Turin, Italy-based Luigi Lavazza S.p.A. (2016 revenues exceeded US$1.6 billion) has joined Vevey, Switzerland-based Nestle SA (2016 revenues approximately US$94 billion) in seeking to increase the production, quality, and export opportunities for coffee beans sourced in the Republic of Cuba.
From the company:
“The Lavazza Foundation (http://www.lavazza.us/us/about-lavazza/sustainability-report/ ) is starting in Cuba a three-year project stems from a close collaboration with the local Cuban authorities. The project, in collaboration with Oxfam, enhance the training capacity of “School Centres” and the output of the Centres for grafting coffee plants in Cuba contributing to the sustainability, increased yield and quality of coffee plants in the country’s two eastern provinces, Granma and Santiago de Cuba, while improving the conditions of coffee producers in the area of interest. Specific goals are:
1. Increasing the production of quality coffee plants by creating ten production centres that contribute to the recovery of areas with limited production, while also supporting greater participation by women and young people in the agricultural sector.
2. Increasing producers’ and technicians’ knowledge of the coffee supply chain through the 34 "School Centres."
3. Strengthening the coffee supply chain while improving the living conditions of the rural population in the selected communities, and in particular those of the women involved.”
Nestle Nespresso To Indirectly Import Coffee From Cuba To USA
June 20, 2016
20 June 2016: New York, New York- Nestle Nespresso, the worldwide pioneer and reference in premium single-serve coffee, announced today it will bring back Cuban coffee to the United States for the first time in more than 50 years.
Recent regulatory changes in the United States have allowed Nespresso to move forward with its plans, which include making the new Cuban Nespresso Grand Cru, Cafecito de Cuba, available in the United States in the fall of 2016, initially as a limited edition. Over the long term, Nespresso and its partner TechnoServe, a nonprofit development organization, will explore how to work with smallholder coffee farmers in Cuba with the goal ultimately being to support farmers in their production of sustainable coffee and contribute to expanded economic opportunities for them in the long-term.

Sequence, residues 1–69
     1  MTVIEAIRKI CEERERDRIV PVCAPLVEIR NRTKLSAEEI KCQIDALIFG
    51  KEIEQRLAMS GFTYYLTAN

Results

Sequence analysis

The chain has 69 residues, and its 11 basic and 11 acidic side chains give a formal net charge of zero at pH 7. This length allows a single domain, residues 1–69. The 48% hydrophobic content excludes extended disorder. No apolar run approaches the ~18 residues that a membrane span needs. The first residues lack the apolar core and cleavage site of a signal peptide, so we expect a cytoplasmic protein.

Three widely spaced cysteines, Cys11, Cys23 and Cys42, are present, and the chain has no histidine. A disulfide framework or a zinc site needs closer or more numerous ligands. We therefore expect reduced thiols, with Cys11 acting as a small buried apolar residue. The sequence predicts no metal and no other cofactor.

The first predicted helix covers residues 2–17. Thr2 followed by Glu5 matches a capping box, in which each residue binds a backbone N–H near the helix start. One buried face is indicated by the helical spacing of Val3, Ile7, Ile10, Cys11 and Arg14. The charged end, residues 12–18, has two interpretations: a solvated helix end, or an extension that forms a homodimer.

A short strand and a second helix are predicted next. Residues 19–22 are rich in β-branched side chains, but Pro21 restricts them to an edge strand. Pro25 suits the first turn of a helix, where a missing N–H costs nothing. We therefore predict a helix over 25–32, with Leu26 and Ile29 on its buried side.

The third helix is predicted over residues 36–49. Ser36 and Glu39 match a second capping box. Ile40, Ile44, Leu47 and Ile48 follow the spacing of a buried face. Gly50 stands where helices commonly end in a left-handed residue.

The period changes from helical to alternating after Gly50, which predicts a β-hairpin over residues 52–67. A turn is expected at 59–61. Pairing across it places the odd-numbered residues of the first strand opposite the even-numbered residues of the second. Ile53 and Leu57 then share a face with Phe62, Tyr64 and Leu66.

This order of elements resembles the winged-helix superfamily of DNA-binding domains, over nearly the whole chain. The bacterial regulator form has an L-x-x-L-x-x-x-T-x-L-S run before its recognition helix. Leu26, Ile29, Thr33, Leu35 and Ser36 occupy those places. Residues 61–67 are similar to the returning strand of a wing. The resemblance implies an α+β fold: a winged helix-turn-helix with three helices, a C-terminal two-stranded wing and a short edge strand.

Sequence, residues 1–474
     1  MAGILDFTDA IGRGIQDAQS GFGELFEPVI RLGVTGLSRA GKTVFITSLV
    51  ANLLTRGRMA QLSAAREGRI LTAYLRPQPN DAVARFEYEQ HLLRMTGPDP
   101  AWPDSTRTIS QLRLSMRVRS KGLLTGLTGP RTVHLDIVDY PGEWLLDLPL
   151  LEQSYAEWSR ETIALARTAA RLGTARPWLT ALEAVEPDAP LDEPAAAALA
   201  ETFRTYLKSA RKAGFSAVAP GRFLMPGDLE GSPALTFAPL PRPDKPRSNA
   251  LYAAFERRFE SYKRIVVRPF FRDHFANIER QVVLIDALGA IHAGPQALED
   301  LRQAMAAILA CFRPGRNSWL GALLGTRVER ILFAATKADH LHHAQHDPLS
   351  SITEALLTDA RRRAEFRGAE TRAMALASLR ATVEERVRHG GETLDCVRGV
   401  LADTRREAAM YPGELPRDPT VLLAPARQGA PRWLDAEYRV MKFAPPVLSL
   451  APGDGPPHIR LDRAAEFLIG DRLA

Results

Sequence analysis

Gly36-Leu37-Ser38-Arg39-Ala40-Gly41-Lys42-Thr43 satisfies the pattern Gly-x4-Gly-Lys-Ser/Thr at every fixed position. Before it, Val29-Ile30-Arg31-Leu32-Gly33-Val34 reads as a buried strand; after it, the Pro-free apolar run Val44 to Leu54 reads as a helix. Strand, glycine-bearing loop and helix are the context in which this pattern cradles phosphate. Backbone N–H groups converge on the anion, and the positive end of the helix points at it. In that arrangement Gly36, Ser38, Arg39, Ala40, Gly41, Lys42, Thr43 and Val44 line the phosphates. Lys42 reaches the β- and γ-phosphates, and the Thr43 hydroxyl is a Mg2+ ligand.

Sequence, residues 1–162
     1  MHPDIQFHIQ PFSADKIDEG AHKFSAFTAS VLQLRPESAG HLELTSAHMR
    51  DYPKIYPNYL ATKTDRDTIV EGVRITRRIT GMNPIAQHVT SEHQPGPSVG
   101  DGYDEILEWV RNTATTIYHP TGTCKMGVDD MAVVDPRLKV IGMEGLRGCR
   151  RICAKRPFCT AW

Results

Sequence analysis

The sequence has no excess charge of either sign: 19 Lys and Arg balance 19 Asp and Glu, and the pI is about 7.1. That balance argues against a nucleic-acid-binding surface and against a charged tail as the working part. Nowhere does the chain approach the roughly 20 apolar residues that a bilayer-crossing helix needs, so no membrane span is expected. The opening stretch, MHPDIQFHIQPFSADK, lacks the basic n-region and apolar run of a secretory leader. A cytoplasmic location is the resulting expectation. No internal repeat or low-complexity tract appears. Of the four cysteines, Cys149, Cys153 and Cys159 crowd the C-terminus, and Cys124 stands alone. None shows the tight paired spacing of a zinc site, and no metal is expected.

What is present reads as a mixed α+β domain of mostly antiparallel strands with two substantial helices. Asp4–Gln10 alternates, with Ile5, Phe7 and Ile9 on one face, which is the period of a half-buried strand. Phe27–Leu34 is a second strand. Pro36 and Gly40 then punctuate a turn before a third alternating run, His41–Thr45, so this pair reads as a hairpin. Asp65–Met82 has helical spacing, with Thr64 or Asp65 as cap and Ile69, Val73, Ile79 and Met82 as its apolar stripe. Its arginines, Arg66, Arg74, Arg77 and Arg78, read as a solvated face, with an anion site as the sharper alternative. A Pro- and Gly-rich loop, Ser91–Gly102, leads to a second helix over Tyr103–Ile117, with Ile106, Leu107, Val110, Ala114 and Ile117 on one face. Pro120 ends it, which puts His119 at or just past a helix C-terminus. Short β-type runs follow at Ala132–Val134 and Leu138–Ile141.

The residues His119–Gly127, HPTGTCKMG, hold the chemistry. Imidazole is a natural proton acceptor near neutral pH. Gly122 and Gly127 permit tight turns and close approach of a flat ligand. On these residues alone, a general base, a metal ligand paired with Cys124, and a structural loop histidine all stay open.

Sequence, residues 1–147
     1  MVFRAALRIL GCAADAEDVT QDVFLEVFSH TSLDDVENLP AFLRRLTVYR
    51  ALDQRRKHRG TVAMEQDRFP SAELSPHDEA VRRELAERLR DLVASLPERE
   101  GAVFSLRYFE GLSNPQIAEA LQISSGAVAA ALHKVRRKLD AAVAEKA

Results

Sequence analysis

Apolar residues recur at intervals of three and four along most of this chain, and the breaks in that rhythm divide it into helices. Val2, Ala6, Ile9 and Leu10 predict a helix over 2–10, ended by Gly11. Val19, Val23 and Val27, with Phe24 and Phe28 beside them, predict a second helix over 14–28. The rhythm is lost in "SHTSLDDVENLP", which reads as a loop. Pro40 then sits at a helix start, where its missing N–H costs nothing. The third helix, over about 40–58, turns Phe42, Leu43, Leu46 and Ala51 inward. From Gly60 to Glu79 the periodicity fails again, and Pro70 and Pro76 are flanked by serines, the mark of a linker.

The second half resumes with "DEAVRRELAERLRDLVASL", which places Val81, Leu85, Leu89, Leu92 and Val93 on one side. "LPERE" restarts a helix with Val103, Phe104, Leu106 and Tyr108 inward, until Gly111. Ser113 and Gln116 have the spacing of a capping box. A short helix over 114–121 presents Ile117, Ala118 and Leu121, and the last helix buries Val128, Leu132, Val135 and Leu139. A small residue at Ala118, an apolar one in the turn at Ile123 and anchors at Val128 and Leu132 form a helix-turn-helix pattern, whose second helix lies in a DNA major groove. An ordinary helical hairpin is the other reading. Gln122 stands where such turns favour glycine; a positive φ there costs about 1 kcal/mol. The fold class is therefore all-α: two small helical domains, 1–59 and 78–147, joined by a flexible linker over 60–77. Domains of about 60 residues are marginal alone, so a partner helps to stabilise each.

For more than two centuries, Cuba has produced some of the greatest Arabica coffee in the world. With fertile soil and ideal climate conditions, the country offers an excellent coffee growing environment. Nespresso is purchasing Arabica coffee this year that has been produced by Cuban farmers, and aims to continue purchasing it in the coming years.
“At Nespresso, we always aim to delight consumers through exclusive, unique coffee experiences,” said Guillaume Le Cunff, President Nespresso USA. “Nespresso is thrilled to be the first to bring this rare coffee to the U.S., allowing consumers to rediscover this distinct coffee profile. Over the long-term, we have a view to supporting the development of environmentally sustainable coffee farming practices for smallholder farmers which benefit the farmers themselves and their communities. Ultimately, we want consumers in the U.S. to experience this incredible coffee and to enjoy it now and for years to come.”
The U.S. Department of State in late April updated its list of goods produced by independent Cuban entrepreneurs that can be imported into the United States to include coffee. This change paved the way for Nespresso to offer Cuban coffee to the U.S. market.
Nespresso’s approach to sustainability is embedded in its business practices and focuses on initiatives that preserve the environment for future generations and create shared value for all stakeholders and society. Nespresso has extensive experience working closely with coffee farmers to improve productivity and create attractive income opportunities for them. Through the Nespresso AAA Sustainable Quality™ Program, which was developed with the Rainforest Alliance, Nespresso works with farmers, providing support, training, financing and technical assistance to improve sustainability and productivity while maintaining quality.
Next Stop For Cuban Coffee May Be Blue Bottle Coffee... Another Connection For Nestle